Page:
Stocks seek direction...US employers add 169K jobs; rate falls to 7.3 pct...UAW in talks with VW

NEW YORK (AP) — Stocks are little changed in morning trading on Wall Street, after opening higher, then falling sharply, then turning mixed. Traders are digesting a mediocre jobs report and keeping an eye on the simmering tensions over Syria. Investors are moving money back into U.S. government bonds on speculation that the weak employment numbers would encourage the Federal Reserve to keep buying bonds. The yield on the 10-year Treasury note fell to 2.89 percent from 3 percent the day before, which is a big move for the bond market.

WASHINGTON (AP) — A slowdown in hiring could complicate the Federal Reserve's decision on whether to reduce its bond purchases. The Labor Department says U.S. employers added 169,000 jobs in August, fewer than economists expected. And previous estimates of job growth in June and July were revised downward. Employers have added an average of just 148,000 jobs in the past three months. The unemployment rate dropped to 7.3 percent last month, the lowest in nearly five years, but it fell because more Americans stopped looking for work.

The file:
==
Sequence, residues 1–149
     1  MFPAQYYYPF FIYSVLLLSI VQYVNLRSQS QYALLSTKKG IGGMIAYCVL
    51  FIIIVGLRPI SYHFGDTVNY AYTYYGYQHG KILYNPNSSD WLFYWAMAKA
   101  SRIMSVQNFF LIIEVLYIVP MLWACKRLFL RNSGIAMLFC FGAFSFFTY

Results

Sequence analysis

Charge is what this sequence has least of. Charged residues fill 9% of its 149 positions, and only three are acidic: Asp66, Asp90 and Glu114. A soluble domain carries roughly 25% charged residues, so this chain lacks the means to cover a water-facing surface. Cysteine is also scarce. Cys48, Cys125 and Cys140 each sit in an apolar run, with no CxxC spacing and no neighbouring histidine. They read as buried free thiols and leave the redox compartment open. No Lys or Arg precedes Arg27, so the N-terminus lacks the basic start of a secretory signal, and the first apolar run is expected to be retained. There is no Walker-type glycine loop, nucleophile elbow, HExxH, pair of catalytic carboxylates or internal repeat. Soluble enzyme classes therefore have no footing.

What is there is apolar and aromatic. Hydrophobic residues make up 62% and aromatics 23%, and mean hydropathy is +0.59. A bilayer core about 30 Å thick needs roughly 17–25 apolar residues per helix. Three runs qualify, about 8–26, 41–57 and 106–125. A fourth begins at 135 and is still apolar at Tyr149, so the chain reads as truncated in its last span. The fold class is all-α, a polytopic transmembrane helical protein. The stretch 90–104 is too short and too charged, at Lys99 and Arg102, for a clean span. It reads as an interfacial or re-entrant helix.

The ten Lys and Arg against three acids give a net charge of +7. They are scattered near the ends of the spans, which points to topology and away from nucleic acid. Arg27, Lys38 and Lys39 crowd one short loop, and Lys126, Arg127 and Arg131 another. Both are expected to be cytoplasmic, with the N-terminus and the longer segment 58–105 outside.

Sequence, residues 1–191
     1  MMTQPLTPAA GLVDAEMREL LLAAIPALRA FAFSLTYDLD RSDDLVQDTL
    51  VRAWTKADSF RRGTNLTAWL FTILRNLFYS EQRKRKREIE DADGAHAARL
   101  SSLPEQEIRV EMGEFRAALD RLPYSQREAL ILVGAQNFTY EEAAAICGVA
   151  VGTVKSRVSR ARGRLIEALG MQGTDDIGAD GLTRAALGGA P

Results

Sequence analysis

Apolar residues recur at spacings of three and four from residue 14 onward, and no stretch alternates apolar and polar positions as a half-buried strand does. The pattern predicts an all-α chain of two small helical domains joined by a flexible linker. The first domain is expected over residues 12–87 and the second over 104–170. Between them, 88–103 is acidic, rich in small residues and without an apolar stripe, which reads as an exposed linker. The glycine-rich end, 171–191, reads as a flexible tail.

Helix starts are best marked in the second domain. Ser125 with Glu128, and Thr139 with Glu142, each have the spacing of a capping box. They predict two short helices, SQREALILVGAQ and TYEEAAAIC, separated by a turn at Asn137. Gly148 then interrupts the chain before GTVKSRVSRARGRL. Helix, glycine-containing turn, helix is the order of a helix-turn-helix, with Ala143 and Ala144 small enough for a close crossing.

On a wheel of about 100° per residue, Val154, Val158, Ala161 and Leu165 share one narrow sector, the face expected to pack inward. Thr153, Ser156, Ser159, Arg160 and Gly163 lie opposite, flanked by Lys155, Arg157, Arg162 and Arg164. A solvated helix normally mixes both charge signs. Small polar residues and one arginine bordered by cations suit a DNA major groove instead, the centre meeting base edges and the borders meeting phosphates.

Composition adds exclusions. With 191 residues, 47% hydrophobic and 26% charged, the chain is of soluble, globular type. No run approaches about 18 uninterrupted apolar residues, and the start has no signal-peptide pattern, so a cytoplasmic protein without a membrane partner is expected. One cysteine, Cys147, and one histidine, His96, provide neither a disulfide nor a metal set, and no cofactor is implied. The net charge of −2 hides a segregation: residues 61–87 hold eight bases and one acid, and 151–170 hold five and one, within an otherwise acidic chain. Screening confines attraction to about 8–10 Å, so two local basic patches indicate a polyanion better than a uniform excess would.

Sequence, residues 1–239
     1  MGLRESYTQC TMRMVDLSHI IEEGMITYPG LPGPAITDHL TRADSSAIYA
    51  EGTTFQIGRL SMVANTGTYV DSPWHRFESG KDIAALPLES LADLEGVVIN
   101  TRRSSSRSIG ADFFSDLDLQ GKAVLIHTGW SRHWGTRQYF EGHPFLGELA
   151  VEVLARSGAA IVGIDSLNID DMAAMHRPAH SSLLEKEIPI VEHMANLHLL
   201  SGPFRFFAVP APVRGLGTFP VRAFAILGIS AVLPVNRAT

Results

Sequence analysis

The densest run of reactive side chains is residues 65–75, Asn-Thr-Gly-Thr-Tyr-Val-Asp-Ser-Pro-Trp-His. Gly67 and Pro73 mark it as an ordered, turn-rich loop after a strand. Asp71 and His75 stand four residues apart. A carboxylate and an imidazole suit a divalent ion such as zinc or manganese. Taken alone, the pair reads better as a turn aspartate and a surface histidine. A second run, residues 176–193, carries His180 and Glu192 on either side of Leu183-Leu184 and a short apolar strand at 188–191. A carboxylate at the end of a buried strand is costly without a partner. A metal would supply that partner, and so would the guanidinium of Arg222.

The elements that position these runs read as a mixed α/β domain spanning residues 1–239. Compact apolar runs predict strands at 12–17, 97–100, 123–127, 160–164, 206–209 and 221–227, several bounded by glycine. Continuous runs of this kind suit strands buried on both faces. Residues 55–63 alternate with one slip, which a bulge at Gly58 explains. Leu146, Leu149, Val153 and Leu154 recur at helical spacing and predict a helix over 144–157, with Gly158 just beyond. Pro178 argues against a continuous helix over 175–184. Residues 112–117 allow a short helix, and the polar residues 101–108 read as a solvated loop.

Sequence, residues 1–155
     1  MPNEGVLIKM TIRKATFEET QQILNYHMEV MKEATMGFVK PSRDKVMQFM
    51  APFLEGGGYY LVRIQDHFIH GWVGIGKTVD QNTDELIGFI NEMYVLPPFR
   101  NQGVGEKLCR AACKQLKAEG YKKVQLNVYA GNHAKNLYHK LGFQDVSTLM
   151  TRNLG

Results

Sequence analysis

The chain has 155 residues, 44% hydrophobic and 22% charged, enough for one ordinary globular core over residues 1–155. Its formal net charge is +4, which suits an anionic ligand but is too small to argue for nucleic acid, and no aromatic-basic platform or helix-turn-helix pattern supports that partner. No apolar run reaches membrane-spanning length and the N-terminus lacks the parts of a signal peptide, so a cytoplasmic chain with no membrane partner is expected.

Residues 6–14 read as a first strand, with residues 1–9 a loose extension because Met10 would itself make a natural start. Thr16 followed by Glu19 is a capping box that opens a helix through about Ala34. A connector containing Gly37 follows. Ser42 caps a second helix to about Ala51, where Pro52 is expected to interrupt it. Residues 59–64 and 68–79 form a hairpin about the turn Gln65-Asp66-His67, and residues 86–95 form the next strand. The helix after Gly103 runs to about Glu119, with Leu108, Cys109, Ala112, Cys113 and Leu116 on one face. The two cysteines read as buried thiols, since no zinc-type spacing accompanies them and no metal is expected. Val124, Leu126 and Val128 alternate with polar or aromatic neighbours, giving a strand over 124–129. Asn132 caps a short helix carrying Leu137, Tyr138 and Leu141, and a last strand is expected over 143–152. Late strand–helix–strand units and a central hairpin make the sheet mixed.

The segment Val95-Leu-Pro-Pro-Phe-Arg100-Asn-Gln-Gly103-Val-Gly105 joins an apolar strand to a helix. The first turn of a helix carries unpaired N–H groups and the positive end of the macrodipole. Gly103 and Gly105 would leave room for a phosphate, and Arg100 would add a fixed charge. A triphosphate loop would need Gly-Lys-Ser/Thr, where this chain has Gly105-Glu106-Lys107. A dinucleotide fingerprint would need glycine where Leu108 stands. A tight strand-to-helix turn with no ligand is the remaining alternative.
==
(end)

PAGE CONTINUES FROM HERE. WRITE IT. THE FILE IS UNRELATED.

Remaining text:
ST. PETERSBURG, Russia (AP) — President Barack Obama says the world's economic powers focused on pursuing financial reforms and addressing tax evasion and avoidance during the G20 summit in Russia. He told reporters the economies of the U.S. and European nations have emerged from a difficult recession, but he warned Congress that it shouldn't risk a U.S. default "over paying bills we've already racked up."

DETROIT (AP) — The United Auto Workers union confirms that it's in talks with Volkswagen about representing workers a factory in Chattanooga, Tenn. The union says its representatives met with VW officials last week in Wolfsburg, Germany. Currently no U.S. plants owned by foreign automakers have UAW representation. The union has been trying for years to organize the plants, which mainly are in Southern states.

NEW YORK (AP) — A federal judge in New York is ordering Apple to modify contracts with publishers to prevent electronic book price-fixing. Judge Denise Cote (koht) also says she will appoint an external compliance monitor to review the company's antitrust policies. Apple denies it conspired to fix e-book pricing and says it will appeal the judge's July finding that it colluded with publishers in 2010.

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